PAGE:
Archive for the ‘Crisis Communication’ Category:
There are 3 things every executive, business owner and employee needs to know about any crisis:
Crisis Fact # 1 – They usually don’t occur on a Tuesday afternoon in the summer when things are slow, all key personnel are available, and everyone has free time.
Crisis Fact # 2 – The crisis itself is often not what causes the most harm to an organization or an individual – the response is.
Crisis Fact # 3 – Results usually mirror preparation – a prepared organization suffers less collateral damage for a shorter period of time than an organization that is “learning as we go.”
Part I of this series addressed the first 5 steps to address when developing your organization’s Crisis Response Blueprint.
Here are 10 more things to consider… today:
Who is the voice of the organization? Is there more than one? How many lines of business is the company involved in?
Should it always be the CEO? (Answer – it depends) Who communicates internally? Externally? Who ensures that your business continues to operate even as the crisis develops?
2) Get your lists together
Media contacts? Adversaries? Advocates? Stakeholders? Who, outside of your organization, will speak positively about your organization in crisis? How about negatively? Who are the most crucial regulatory contacts? Trying to put these lists together in the midst of crisis never works.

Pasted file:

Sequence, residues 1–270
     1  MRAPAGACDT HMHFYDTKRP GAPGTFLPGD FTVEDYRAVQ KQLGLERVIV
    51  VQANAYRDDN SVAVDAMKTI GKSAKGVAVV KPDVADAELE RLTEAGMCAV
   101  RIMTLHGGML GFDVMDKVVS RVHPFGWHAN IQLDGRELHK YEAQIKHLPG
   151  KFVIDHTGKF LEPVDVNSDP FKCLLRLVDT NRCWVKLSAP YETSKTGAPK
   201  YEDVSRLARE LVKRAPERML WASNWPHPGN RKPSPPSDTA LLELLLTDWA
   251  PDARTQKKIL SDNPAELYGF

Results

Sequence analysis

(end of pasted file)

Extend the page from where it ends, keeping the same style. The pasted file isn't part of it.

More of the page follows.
3) What do you say?
Do you say anything before you know anything? Failing to respond, or saying “No Comment” says a lot more than no comment.
This is where preparedness training, drills and live simulations really help to prepare key executives and spokespersons for the real thing.
What if there are reports of injuries? How are you receiving information? There will be a lot of incoming requests for information – how will you reach out to stakeholders that are not yet beating down the doors?
4) Stop and breathe.
Practice putting yourself in a semi-stressful position through crisis response drills. Warning – this is absolutely not a substitute and not representative of what you will feel like in the middle of a crisis.
What it does do is prepare you to know how to breathe properly to control epinephrine and control your heart rate. I have a number of breathing techniques I favor
5) What does the filtration system look like?
In a crisis, there may be a number of parties who want answers and access public, victims, press, regulators, investors, elected officials – who filters each call and determines who answers; what are the answers for each?
6) Who is monitoring social and web media?
What is the process of answering questions and comments online? What does the strategy look like? Whose responsibility is this?
There are a number of excellent social media crisis communication professionals – having contact with one is never a bad idea.
7) Opposition Research